The National Republican Senatorial Committee issued a statement Wednesday clarifying its support for Rep. Todd Akin in the Missouri Senate race and suggesting it might spend money to help elect him, after saying a month ago that it would not do so.
“There is no question that for Missourians who believe we need to stop the reckless Washington spending, rein-in the role of government in people’s lives, and finally focus on growing jobs in this country, that Todd Akin is a far more preferable candidate than liberal Sen. Claire McCaskill," NRSC executive director Rob Jesmer said. "As with every Republican Senate candidate, we hope Todd Akin wins in November, and we will continue to monitor this race closely in the days ahead.”
The NRSC said after Akin's controversial comments about "legitimate rape" last month that it would not spend money on his behalf this fall. The hope at the time was that the threat would force Akin out of the race and Republicans could replace him with a more electable nominee.
It didn't work, though, and the deadline for Akin to exit the race passed Tuesday. That means he will now officially appear on the ballot and Republicans have to deal with the situation as it stands.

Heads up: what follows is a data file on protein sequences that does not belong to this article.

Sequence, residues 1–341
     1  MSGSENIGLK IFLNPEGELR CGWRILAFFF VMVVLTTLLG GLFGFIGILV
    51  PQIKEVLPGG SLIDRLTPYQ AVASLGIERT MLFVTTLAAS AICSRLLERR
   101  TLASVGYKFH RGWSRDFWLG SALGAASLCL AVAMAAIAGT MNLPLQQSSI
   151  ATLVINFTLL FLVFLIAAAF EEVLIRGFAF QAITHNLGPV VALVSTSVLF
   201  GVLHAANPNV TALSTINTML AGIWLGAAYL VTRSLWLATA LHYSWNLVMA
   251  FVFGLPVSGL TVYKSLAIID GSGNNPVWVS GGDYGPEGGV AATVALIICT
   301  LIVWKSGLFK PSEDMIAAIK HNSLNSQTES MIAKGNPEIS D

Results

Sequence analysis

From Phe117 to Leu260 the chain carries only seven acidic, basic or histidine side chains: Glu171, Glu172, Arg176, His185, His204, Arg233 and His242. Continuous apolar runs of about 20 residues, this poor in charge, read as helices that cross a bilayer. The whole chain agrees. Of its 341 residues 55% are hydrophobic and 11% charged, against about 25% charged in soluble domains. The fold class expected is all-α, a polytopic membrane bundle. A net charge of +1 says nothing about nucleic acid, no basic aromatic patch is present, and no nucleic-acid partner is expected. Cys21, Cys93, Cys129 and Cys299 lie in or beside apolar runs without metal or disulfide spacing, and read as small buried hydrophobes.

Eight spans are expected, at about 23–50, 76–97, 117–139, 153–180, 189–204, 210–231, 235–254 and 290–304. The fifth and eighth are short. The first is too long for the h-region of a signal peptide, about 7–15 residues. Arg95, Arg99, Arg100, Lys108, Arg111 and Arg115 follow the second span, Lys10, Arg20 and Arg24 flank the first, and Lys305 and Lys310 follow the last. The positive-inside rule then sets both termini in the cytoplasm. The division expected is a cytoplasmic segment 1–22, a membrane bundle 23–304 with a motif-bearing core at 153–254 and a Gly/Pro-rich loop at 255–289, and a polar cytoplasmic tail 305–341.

Asked to clarify whether it might spend money on Akin, the committee declined to comment, citing a desire not to broadcast its strategy.
Establishment Republicans generally believe that the race is lost, but polling has shown that Akin trails McCaskill only by single digits, and other Republicans have suggested they might still have a chance to win the seat.
Other Republicans have clarified that they support Akin, including Sen. Roy Blunt (R-Mo.), who had been charged with trying to get him out of the race.
But while people like Blunt publicly tried to push Akin out, national Republicans took it a step further in saying they wouldn't spend money to elect him. And what Akin needs right now is -- you guessed it -- money.
DeMint's backing, in particular, put the national GOP in a tough spot. Wednesday's statement clarifies their position somewhat, but questions will persist about whether the NRSC would jump in if the race wound up being close.
That's a big "if," though. Even as Akin has stayed close in the polls, Democrats have largely held their fire over the last month in hopes of keeping him in the race. The emerging onslaught against Akin -- which his campaign will struggle to compete with financially -- could certainly move the polls more in Democrats' favor.
Democrats said Wednesday that the move shows Republicans were bluffing when the threatened to pull funding from the race.
“No one should’ve been fooled by the Republican party’s faux outrage and their ensuing change of course, because as the Republican establishment is making clear today, the Akin backlash was never about principle, it was purely about politics," said Shripal Shah, a spokesman for the Democratic Senatorial Campaign Committee